Focusing on the lgbt group, there is a popularly held belief that gay men have their own distinct speech style. In Thailand, most Thais believe that they can tell whether a Thai man is straight or gay by listening to his speech. Although in the academia, the trend is moving towards gender fluidity; meaning that people’s gender is by no means fixed and that people do not necessarily behave in accordance with their gender, the idea of gender stereotypes is still pervasive among the general public. Being identified as gay does not only label a person by his gender and sexual orientation. It potentially leads to further discrimination based on a set of stereotypical traits associated with a particular gender. Research into sexuality priming or priming gender have proven that the activation of a stereotype potentially leads to subsequent judgements and beliefs (see Hundhammer and Mussweiler 2012, Rudman and Phelan 2010 for examples)

Many studies have yielded findings indicating that a voice cue alone is not enough to tell one’s gender identity. However, those studies have been conducted on European languages in the European and North American context, such as the study conducted on English language (Pierrehumbert, Bent, Munson, Bradlow, and Bailey 2004), German (Sulpizio, Fasoli, Maas, Paladino, Vespignani, Eyssel and Bentler 2015), Italian (Sulpizio, Fasoli, Maas, Paladino, Vespignani, Eyssel and Bentler 2015) and Czech (Valentova and Havlicek 2013). It is argued, at least in the case of English language, that one’s perceptions of gay sounding voices are language or even dialect specific (Zimman 2013). Speakers of different languages may not be able to distinguish ‘gay sounding speech’ spoken in languages other than their own.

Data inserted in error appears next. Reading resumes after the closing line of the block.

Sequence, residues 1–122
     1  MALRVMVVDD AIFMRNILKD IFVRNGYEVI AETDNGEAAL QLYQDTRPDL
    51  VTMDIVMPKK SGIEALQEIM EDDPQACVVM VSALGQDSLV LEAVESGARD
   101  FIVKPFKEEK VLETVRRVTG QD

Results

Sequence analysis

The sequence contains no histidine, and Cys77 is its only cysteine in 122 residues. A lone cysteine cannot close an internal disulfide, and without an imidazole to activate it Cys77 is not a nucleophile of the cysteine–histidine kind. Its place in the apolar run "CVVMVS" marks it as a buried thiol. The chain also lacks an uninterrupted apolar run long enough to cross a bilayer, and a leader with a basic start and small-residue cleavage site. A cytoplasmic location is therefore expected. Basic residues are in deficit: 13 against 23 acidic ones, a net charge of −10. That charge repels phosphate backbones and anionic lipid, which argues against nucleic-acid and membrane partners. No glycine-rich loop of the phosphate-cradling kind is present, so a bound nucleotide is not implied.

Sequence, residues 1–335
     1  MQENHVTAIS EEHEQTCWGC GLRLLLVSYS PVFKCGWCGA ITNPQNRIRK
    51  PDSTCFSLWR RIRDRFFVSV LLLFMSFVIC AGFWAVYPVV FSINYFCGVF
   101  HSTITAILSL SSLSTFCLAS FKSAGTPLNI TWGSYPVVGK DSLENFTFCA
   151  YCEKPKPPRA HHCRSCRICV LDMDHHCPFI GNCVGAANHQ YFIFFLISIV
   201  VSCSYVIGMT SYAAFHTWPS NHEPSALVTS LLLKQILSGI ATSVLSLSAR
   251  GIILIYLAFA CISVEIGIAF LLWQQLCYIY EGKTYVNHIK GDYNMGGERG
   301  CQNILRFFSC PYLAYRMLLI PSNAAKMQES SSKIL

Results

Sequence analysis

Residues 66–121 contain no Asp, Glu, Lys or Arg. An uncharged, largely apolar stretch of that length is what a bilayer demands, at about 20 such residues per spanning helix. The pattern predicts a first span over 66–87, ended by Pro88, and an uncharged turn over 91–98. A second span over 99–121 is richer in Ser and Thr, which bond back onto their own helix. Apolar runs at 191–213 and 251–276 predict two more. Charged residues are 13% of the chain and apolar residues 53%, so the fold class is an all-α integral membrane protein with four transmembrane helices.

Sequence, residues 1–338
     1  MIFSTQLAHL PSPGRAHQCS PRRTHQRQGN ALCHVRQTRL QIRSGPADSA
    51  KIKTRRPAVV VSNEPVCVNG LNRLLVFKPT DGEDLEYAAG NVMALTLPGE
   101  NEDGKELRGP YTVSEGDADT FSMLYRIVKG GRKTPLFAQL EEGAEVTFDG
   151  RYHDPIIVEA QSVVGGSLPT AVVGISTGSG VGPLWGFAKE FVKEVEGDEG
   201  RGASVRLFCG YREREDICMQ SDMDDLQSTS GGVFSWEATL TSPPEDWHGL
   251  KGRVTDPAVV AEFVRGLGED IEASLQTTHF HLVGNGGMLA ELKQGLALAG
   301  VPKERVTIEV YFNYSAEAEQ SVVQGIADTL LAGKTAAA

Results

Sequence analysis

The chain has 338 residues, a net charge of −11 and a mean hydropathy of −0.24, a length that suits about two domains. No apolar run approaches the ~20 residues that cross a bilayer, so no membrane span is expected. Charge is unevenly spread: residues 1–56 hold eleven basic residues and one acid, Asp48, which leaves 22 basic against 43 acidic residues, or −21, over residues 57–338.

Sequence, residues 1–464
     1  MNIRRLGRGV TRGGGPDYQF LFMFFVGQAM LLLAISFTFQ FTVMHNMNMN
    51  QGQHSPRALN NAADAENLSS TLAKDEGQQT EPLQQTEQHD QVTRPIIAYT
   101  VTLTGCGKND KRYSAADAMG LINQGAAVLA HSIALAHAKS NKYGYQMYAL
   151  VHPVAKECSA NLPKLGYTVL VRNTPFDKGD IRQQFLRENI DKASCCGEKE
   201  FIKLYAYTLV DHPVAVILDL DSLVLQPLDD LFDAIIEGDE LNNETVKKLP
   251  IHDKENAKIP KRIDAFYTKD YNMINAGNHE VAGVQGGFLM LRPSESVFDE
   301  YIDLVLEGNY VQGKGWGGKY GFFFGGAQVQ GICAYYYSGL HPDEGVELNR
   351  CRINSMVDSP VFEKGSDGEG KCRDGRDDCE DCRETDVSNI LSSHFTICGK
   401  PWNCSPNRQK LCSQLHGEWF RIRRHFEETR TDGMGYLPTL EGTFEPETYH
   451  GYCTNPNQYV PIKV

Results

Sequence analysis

Based on previous work on Thai perceptions of, and Thai attitudes towards, gay sounding speech (Osatananda and Gadavanij 2019), it was found that 89.11% of Thai teen listeners can accurately identify straight male speakers while 92.91% can accurately identify gay speakers by listening to their speech in Thai. By accurate, the study refers to when the listener identifies gender that corresponds with the gender that the speaker says that s/he is. The ability to identify the gender of a speaker appears to be relatively consistent across the gender groups of listeners. Accuracy in identification also correlates with the level of confidence the listeners have about their answer: not only that Thai listeners are able to identify a speaker’s gender, they are also confident about their answer. The findings of the research imply that there are voicing characteristics associated with gay speech in Thai and that these characteristics can be picked up by members of Thai society.